On occasion, prospective customers have asked us to develop "back door" Amazon data services. We politely decline as it does not align philosophically with our mission and would clearly violate our Amazon developer DPP and AUP.
However, commercial developers are operating outside official Amazon developer channels. These developers offer "back door" Amazon data services.
What exactly is a "back door" data service? These are applications designed to collect data by bypassing or circumventing official Amazon APIs. An example of a back door data service is the web, data, or screen scraper. Scraper applications mimic a person using a browser to scrape data from web pages, download files, or perform a task.
With Amazon, a developer will request user credentials so the scraper application can pretend to be a user and log into a Seller Central account. The developer's screen scraping application will log in to a Seller Central account, collect data, and store it somewhere. The screen-scraped data will often be reports, which include Amazon-restricted PII data. These scraper apps will usually require a seller to turn off account security features to enable access. For example, these apps will require turning off two-factor verification on Seller Central, which can cause their screen scrapers to break.
The Risks Of Bypassing Official, Approved Amazon Developer Programs
So what's the issue with back door data services? Since a scraping application mimics the behavior of a person using a website, they operate outside Amazon's terms of service:
Amazon expressly states that granting user authorizations to Amazon Portals to manually or programmatically circumvent Amazon policies for data access violates AUP. As a result, if detected by Amazon, your Seller Central or Vendor Central account can be suspended or terminated.
Amazon Advertising prohibits developers from requesting credentials for Amazon Advertising interfaces and services (e.g., log-in credentials for the Advertising Console) for use in their applications. They state, "Never ask for or accept an Amazon Advertising Participant's access credentials for any purpose," which is exactly what the back door developers are doing.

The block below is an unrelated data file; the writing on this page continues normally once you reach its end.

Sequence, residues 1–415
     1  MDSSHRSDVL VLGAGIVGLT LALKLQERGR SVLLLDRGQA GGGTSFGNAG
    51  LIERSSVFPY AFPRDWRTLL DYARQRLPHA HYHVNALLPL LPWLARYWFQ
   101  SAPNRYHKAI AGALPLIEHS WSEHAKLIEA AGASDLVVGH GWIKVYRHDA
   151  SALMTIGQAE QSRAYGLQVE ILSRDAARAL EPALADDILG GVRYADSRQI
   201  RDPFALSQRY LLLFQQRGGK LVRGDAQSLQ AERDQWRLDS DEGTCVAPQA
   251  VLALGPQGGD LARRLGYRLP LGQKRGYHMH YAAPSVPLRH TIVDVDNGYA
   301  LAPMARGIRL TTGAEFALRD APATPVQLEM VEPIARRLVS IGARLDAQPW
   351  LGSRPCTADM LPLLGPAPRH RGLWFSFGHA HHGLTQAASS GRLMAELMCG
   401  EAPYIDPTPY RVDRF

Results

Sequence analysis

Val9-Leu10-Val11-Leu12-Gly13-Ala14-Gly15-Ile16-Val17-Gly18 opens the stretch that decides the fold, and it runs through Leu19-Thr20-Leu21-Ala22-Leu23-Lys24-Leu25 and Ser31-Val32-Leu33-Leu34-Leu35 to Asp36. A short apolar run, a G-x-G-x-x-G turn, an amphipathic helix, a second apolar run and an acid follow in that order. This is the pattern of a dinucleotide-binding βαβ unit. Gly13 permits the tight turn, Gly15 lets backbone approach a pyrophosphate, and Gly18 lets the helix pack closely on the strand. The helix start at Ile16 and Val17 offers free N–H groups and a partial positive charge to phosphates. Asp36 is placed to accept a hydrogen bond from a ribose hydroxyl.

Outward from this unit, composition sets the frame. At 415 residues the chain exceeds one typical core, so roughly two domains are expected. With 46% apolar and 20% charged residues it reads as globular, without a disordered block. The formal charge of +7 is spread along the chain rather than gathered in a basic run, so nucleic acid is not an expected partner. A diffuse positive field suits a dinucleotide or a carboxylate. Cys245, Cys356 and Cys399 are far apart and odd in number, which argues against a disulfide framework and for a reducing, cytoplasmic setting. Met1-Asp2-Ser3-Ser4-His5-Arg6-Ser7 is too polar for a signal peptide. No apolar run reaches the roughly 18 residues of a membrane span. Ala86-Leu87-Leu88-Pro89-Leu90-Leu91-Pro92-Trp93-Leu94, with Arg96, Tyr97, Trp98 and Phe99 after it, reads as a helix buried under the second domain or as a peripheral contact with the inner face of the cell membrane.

Unlike Amazon-approved developer applications, there is no formal review by Amazon of security controls for the receipt, storage, usage, transfer, and storage of your data. These developers avoid the audit, review, and authorization process required of approved Amazon developers.
If a developer claims they do not need to leverage official data access APIs, they deliberately choose an unapproved data access pattern they know Amazon would not accept.
Amazon can suspend or terminate the offending seller or vendor account if you use back-door data access services. Is it worth the risk?
The Openbridge philosophy is to adhere to developer program requirements set forth by Amazon, Facebook, Google, or others, for data governance, security, transit, or storage requirements.
Our commitment is to align our efforts, so we comply with the terms of any developer program services agreements we participate in. This includes partnering with program owners (Amazon, Google, Facebook, and others) as we complete functional testing, review, refactoring, and monitoring outlined in their program terms.
Establishing long-term relationships with developer programs not only ensures compliance but also allows us to be an advocate on our customer's behalf. Our program participation provides direct access to troubleshooting, feature requests, enhancements, performance, and roadmaps to give our customers a voice in the technical evolution of these systems.